“She took on real ownership of the food bank,” said Kirby Brown, the Frye’s program director at the time who had recruited childhood friend McCarry as a volunteer. “She used her own energy and contacts to reach out for both funds and food donations.
“Her regular personal presence at the Frye was always uplifting for staff and tenants and it markedly improved what the food bank could offer,” Brown said in an email.
“Each person has their own mission in life, what they feel that they can do, and I always felt my gift and my energy is to organize,” McCarry explained.
Since moving to Sequim, she has used those organizational skills to start a Respect Life group at her parish, St. Joseph.
“She’s the type of person you want as a leader because she gives us direction and energy but she includes everyone,” said Mary Mitchell, communications coordinator for the Respect Life group. “This is her passion as far as, ‘What can I do for
The group holds a weekly prayer vigil outside the Planned Parenthood clinic in Sequim, shares pro-life pamphlets and emails, spreads the word about available pregnancy resources such as the parish’s Gabriel Project, and organizes talks on a wide range of subjects like advanced directives for the dying.
“We’re a tiny group, but we have a mighty voice,” McCarry said.
She also is a key organizer of her parish’s Memorial for the Unborn, held on Respect Life Sunday each October. “The last three or four years, every memorial we’ve done, a woman has come up to us in tears because she had an abortion,” McCarry said. Volunteers listen, mention the option for the sacrament of reconciliation, and give information about Project Rachel, a Catholic post-abortion ministry.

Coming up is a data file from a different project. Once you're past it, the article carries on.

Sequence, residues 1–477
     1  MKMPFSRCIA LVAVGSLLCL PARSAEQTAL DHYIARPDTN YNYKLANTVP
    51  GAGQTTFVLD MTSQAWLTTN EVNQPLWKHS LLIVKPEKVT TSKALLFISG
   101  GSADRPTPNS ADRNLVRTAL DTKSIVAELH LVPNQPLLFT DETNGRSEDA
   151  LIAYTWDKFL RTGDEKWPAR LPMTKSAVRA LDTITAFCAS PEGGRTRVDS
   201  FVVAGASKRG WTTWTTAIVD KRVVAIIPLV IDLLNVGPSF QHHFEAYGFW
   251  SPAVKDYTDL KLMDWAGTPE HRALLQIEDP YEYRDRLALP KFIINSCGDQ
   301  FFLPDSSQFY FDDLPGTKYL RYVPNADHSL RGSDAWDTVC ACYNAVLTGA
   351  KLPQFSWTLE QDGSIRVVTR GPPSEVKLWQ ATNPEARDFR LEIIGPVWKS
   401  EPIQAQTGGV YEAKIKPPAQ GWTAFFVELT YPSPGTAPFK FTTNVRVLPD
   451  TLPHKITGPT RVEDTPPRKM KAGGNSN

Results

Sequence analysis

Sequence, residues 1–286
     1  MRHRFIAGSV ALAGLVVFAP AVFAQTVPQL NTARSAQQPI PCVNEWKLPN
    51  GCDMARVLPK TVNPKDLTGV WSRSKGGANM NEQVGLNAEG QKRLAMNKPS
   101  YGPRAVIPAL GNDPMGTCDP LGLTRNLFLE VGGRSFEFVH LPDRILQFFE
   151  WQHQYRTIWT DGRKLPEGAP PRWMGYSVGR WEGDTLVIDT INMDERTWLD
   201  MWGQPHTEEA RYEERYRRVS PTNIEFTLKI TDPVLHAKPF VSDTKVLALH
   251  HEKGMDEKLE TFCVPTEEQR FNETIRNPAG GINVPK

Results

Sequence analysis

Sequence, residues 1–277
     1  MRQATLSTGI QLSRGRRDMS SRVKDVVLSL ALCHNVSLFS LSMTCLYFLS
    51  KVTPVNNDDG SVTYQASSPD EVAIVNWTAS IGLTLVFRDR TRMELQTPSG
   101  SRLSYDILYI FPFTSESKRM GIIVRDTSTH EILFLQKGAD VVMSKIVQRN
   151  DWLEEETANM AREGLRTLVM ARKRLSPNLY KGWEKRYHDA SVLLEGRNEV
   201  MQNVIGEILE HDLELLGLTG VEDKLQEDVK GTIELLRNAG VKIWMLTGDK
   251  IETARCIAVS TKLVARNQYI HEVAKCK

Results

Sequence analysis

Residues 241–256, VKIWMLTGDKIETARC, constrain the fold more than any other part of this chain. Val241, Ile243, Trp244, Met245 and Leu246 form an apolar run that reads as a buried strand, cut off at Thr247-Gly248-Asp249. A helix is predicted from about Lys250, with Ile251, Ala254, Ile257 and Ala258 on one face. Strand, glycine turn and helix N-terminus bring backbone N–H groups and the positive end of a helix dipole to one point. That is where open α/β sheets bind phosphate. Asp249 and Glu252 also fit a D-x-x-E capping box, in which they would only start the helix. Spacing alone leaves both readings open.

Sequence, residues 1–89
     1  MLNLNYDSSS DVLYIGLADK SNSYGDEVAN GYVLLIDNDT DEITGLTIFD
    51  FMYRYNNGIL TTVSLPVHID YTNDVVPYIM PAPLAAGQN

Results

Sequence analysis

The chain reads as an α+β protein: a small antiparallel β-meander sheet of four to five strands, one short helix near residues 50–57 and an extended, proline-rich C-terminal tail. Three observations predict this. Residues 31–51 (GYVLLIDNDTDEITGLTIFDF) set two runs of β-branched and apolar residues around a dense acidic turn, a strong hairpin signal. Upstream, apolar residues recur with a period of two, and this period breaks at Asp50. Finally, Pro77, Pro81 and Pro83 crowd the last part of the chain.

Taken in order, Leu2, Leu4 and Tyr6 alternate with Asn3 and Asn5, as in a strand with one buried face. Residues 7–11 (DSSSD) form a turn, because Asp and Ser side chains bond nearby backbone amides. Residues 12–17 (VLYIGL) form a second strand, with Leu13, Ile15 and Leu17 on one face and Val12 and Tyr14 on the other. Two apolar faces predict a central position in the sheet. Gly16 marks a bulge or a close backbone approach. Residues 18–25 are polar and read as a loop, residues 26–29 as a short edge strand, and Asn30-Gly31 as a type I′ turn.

“We want them just to realize that God loves them right where they’re at, no matter what they’ve done in the past,” said Joyce Kirsch, Gabriel Project coordinator at St. Joseph Parish.
“It’s just so important that we represent what we believe in a really loving, compassionate and merciful way,” McCarry said, referring not just to the Respect Life committee, but to all Catholics.
“I wish people could just sit down and talk to each other and realize abortion is not about women’s choice,” she said. “It’s about protecting the most vulnerable of us. And if we don’t provide that protection, what does that say about us as people?”
Protecting the vulnerable
McCarry’s volunteer work goes beyond church ministry. She is a reading tutor at a local elementary school. As a member of Clallam County’s Business Leadership Advisory Committee, she works to integrate people with disabilities into the community and the workforce. It’s a mission close to her heart because her brother-in-law Patrick is developmentally disabled. He lives in California, so she and Greg manage his care long-distance.
“I can’t be pro-life and neglect him,” McCarry said. “It all works together, because he is vulnerable. The baby is vulnerable. The elderly are vulnerable.”
McCarry’s close friend Claudia Pétursson praises McCarry for “her absolute love of the human person and her respect for their dignity, which motivates her heart of service.”
The women met while working on master’s degrees at Seattle University. After becoming Catholic as an adult, Pétursson intellectually accepted being anti-abortion, but said it was McCarry who “converted my heart to the ethic of life.”
She has also seen McCarry living out her Catholic faith both in her work at the Frye food bank and with Emmaus Companions. Pétursson recalled once leaving a service at St. James Cathedral with McCarry and coming across a man with schizophrenia who McCarry knew through Emmaus Companions.
“He wasn’t looking too good,” Pétursson said. But McCarry greeted him and asked how he was doing. “I don’t understand why people are afraid of this,” McCarry said to Pétursson afterwards. “This is our Catholic faith. We don’t have a choice. The decision has been made for us.”
“Everybody has human dignity. That’s the bottom line with her,” Pétursson said.
The friends meet monthly for lunch and conversation, often on spirituality. “I would say she’s someone who stands up really strongly for her beliefs, but always is merciful to the person she is confronting,” said Pétursson, a pastoral assistant at Holy Family Parish in Kirkland.
McCarry does not see her ministry work as unique.
“There are so many parishes with what I call the unsung heroes of all of these ministries,” she said. “They just do what they know needs to be done.”
And she believes service is key to living out her
“Every single day people can do the smallest thing and they never know the impact that they have,” she said. “It’s about being kind.”
Northwest Catholic - March 2016